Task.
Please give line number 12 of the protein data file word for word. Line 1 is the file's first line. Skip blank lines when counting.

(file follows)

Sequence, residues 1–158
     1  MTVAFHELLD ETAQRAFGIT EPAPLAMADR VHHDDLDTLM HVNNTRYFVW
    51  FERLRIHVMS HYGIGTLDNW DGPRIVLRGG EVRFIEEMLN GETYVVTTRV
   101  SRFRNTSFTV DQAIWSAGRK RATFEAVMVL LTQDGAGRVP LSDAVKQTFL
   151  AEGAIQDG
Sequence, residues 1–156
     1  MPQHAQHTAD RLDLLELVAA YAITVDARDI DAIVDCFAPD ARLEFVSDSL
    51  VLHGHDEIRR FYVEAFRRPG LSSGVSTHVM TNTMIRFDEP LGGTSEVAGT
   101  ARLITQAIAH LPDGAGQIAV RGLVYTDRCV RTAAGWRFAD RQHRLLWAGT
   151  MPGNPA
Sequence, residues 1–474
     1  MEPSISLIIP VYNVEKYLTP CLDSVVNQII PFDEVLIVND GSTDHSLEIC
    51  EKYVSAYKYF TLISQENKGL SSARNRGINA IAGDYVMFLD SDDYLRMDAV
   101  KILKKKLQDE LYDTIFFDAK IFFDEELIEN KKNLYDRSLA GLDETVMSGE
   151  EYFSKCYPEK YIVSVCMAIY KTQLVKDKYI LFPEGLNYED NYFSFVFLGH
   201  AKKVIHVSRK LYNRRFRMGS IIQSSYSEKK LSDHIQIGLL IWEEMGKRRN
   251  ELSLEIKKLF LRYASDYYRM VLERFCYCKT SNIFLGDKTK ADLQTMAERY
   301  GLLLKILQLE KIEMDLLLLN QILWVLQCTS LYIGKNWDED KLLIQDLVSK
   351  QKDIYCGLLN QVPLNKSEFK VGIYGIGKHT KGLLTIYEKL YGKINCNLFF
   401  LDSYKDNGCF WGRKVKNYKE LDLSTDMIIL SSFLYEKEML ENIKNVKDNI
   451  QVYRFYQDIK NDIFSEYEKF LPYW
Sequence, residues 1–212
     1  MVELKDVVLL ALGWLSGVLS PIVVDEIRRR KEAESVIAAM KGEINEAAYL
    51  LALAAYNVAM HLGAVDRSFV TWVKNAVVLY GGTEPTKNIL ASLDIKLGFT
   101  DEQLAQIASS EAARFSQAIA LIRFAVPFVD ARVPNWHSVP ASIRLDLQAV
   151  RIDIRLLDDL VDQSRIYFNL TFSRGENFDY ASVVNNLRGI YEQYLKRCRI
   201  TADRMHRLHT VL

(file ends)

     1  MEPSISLIIP VYNVEKYLTP CLDSVVNQII PFDEVLIVND GSTDHSLEIC